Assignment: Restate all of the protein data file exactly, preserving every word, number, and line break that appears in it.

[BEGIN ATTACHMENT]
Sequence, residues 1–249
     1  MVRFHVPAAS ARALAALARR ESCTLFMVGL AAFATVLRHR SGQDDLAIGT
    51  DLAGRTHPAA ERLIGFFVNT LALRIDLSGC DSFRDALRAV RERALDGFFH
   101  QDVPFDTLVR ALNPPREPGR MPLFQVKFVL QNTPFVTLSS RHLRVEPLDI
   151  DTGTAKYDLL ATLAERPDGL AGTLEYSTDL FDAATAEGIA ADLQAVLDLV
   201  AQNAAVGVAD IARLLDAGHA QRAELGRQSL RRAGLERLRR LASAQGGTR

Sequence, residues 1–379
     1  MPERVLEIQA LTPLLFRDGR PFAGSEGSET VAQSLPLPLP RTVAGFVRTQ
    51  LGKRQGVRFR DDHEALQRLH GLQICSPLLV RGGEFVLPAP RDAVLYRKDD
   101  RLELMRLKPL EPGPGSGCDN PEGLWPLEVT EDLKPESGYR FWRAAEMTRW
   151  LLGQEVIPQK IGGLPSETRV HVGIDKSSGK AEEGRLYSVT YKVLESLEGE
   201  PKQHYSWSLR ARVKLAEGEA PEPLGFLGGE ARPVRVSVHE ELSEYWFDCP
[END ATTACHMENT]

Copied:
Sequence, residues 1–249
     1  MVRFHVPAAS ARALAALARR ESCTLFMVGL AAFATVLRHR SGQDDLAIGT
    51  DLAGRTHPAA ERLIGFFVNT LALRIDLSGC DSFRDALRAV RERALDGFFH
   101  QDVPFDTLVR ALNPPREPGR MPLFQVKFVL QNTPFVTLSS RHLRVEPLDI
   151  DTGTAKYDLL ATLAERPDGL AGTLEYSTDL FDAATAEGIA ADLQAVLDLV
   201  AQNAAVGVAD IARLLDAGHA QRAELGRQSL RRAGLERLRR LASAQGGTR

Sequence, residues 1–379
     1  MPERVLEIQA LTPLLFRDGR PFAGSEGSET VAQSLPLPLP RTVAGFVRTQ
    51  LGKRQGVRFR DDHEALQRLH GLQICSPLLV RGGEFVLPAP RDAVLYRKDD
   101  RLELMRLKPL EPGPGSGCDN PEGLWPLEVT EDLKPESGYR FWRAAEMTRW
   151  LLGQEVIPQK IGGLPSETRV HVGIDKSSGK AEEGRLYSVT YKVLESLEGE
   201  PKQHYSWSLR ARVKLAEGEA PEPLGFLGGE ARPVRVSVHE ELSEYWFDCP